Dawson: It’s a very big question… I’ll start with the Read Around series, that’s probably simpler to answer. These stories have to be about twenty minutes long when they are read out aloud, and they have to be suitable for secondary school pupils, and they are graded from years 7 to 11; the stories for years 10 and 11 are a little more challenging thematically and morally as they deal with more difficult situations. But it is hard to find young people’s World Englishes literature, and I hope if I get a chance to go to Kenya, this is one of the things we can develop through a workshop: short stories for young people as a niche in World Englishes literature.

: Are you talking about published work or new stories? What are you having difficulty finding?

Dawson: Published work, for the Read Around Series. And that was quite difficult to find because the themes were either too junior or too adult. There seems to be a gap at the adolescent level. The thing about the Read Around is that they had to be World Englishes, I promised myself that. They couldn’t be Diaspora and they couldn’t be work in translation. I have three stories actually from Africa, three out of the five in the Read Around Series. Book 1 is a story from Northern India, Book 2 is from Kenya, Book 3 is Bessie Head’s South African story, Read Around 4 is Agnes Sam’s story from the Indian community in Durban. The fifth one is Malaysian. So I’d already helped myself to three stories from Africa. But I think there is scope to do a Read Around just for Africa actually!

With regards to the anthology, you don’t have as much control over what you put in it. You put out a call and are lucky to see what you get back. I am a linguist as well by qualification so the stylistic aspect is quite important to me - I don’t want to go into the definition of what is good writing, but we all know when we read something if it talks to you, if you engage with it, and of course it is not just read by me it is read by others too. So I did have that in mind - stylistically: what is good, and the Creative too: how did it talk to me. And yes theme too, new themes, not poverty, not corruption, not female, human rights... and not AIDS, although there is an excellent story about going for a HIV Test in the Cameroon anthology and it will be included. There is always this idea of positive representation in my mind. If a story is positively representing a people and culture and going against what has been the prevailing orthodoxy of the negative kind of African issues then that talks to me too, so I think that is part of my editorial commitment.

: Of course, Things Fall Apart as a novel is not 100% positive in terms of representation, but tells an engaging story that includes the reality of the situation.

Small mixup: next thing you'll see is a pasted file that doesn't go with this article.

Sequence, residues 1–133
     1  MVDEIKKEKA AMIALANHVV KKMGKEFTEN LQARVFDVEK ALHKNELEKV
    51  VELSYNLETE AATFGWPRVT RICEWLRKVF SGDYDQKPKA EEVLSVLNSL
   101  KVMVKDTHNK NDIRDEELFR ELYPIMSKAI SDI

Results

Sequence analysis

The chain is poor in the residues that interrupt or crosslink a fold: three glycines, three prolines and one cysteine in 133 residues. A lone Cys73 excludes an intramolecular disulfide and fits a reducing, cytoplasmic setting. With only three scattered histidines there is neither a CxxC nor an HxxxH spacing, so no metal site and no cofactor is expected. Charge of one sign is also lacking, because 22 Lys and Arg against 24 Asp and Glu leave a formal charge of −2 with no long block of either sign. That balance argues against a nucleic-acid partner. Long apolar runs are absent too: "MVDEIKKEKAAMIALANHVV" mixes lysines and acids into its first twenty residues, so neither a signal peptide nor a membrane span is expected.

Dawson: Exactly, it is a mirror reflection of what was happening. But I do feel that the mirror reflection of what is happening now, as opposed to what is represented in Achebe is different and maybe more positive.

: Now, in terms of your choice of short story anthologies… that would not be a traditional editor or publisher’s first choice. In the West, you could say that the short stories won’t sell and it is not the right commercial decision - why did you choose to go for short stories as opposed to looking for good novels.

Dawson: We’ve been approached by people with novels to be honest, but we’ve gone on short stories because of the passion and the reason for doing this: to get new voices out. And if we can publish a book where we can showcase ten new authors of short stories, let’s do that instead of concentrating on one. We are just testing the market. This is very new to me, for the company, and in terms of literary production after the Heinemann African Writers Series. So we are testing the waters and seeing, not making too many big decisions, and that I believe allows you to listen to the people giving you the writing. But if you go in with such a very fixed plan of what you want, that is kind of defeating the object.

: What do you want to achieve with your September Symposium on World Englishes Literature?

Dawson: I’d like to create a forum for people to come and have a debate around what I have called World Englishes Literature - however I am interested to redefine and rename it as whatever it may be - but essentially to talk about whatever this ‘new wave’ is, this thing that is not Achebe, that is not Desai, which is new in terms of people publishing who have not known the moment of independence of their country, whatever this thing is, that we have spent an hour talking about, that is what I want people from different countries to come and tell each other about. This is a symposium in that sense: let’s assemble and talk to each other. Let’s see if the writers from Kenya have some kind of trends at whatever level with the writers from India. Let’s have a debate about that. That’s really what I’d like to happen, instead of pretending to know it already.

: Whom do you expect at the Symposium? Will there be more linguistic people or more literary people?

Dawson: From the responses to the call for papers that we’ve received so far, it does seem to be more literary people. The call does mention literary frameworks in there, the issue of ‘rethinking the canon’. We encourage people to bring along non-canonical work.

: It should be an interesting one, particularly as we will have that mix with the discussions from the Chinua Achebe Things Fall Apart Conference at the same venue, on the same weekend.

Dawson: Yes, that will be great. I really do believe in listening to people, instead of just going in with what you think all the time, because very often without knowing it you are representing the culture and the education, which you’ve known and in which you’ve been brought up. Sometimes without knowing it you are prejudiced against other literatures and peoples. You don’t mean it, but it happens.